Mouse intestine captured with the Color Infinity 3-1 microscopy camera.

Contact Microscope World for more information on microscopy cameras.

Friday, April 14, 2017

Hair Under the Microscope

Harald K. Andersen of Steinberg, Norway captured these images of hair under the microscope. The first image is of a single strand of hair captured through the microscope at 20x magnification. The hair was dyed for the project.

Hair captured under the microscope.
(C) Harald K. Andersen. Single strand of hair under the microscope.

In order to capture the next image Andersen stacked together 480 images using a software called Zerene Stacker.

Hair captured under the microscope.
(C) Harald K. Andersen. 480 stacked images of a single strand of hair under the microscope.

Andersen mentioned that the hardest part of the project was tying the knot in the hair! A big thanks for sharing the images with Microscope World!

Friday, April 7, 2017

Tonsils under the Microscope

The palatine tonsils are two lymphatic masses, located at the back of the throat on each side of the oral pharynx. The tonsils play a role in protecting the body against respiratory and gastrointestinal infections.

Each tonsil consists of a network of crypts (pits) that store cells used to fight infection. The tonsils contain B cells, a type of white blood cell that fights infections. They also produce antibodies against polio, streptococcal pneumonia, influenza, and numerous other infections. Antibodies are proteins that help the body identify and attack harmful invaders.

The tonsils also contain several types of T cells, which are white blood cells that destroy cells infected with viruses and help the body build immunity to infectious organisms.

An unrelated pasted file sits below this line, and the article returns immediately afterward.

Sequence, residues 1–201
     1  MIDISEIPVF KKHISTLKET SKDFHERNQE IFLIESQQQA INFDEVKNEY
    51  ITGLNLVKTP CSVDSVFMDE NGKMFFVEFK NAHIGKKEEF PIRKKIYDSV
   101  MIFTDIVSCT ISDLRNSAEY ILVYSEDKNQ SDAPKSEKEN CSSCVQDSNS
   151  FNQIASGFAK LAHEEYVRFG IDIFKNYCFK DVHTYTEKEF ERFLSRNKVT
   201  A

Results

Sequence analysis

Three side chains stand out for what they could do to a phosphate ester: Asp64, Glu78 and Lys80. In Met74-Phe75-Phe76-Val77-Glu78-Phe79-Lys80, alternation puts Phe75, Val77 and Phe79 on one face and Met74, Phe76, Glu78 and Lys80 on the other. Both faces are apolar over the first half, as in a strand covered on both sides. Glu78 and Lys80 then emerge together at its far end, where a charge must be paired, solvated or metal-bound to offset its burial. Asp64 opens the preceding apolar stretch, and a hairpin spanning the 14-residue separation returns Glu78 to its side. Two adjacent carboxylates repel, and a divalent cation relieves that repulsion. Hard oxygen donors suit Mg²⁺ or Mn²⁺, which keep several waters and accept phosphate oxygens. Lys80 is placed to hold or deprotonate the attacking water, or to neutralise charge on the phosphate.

The images below are cross sections of Palatine Tonsils that were captured using a biological lab microscope and a microscopy camera.

Microscopy image of tonsil under the microscope at 40x captured by Microscope World.
Palatine tonsil under the compound microscope at 40x.

Microscope World image of palatine tonsil cross section under the microscope at 100x.
Palatine tonsil under the compound microscope at 100x.

Microscope World image of palatine tonsil cs captured at 400x.
Palatine tonsil under the compound microscope at 400x.

Contact Microscope World with any questions about microscopy or capturing digital images under the microscope.

Tuesday, April 4, 2017

Worms found in Cows under the Microscope

Bunostomum phlebotomum is a species of worms (nematodes) that are found in the small intestine of calves. The worms are stout and measure 1-3cm in length. Young animals are most commonly affected and only several hundred worms can cause death. Adults often carry worms but do not show any symptoms.

Diarrhea is the primary symptom in the cows along with signs of anorexia, lethargy and weight loss. Hypoproteinaemia, anaemia and dehydration often occur. Skin involvement due to larvae penetration appears as lesions especially on the feet and limbs. Analysis of fecal samples under a microscope enables eggs to be found, or adult worms can be visualized in the small intestine when an autopsy is performed.

Veterinarians and ranchers can use Anthelmintics (antiparasitic drugs) for effective treatment of the infection. Preventative antiparasitic treatment may help prevent the disease as well as pasture management to avoid egg and larvae accumulation.

The image below is Bunostomum phlebotomum that was taken from a calf in Texas. Images were captured using a 3 megapixel microscopy camera on the U2 Lab Microscope.

Microscope World image of bunostomum phlebotomum under the microscope at 100x.
Bunostomum Phlebotomum (worm) taken from a cow's intestine, examined under the U2 Microscope at 100x.

Microscope World image of Bunostomum phlebotomum under the microscope at 400x.
Bunostomum Phlebotomum (worm) taken from a cow's intestine, examined under the U2 Microscope at 400x.

Tuesday, March 28, 2017

Museum Display Microscope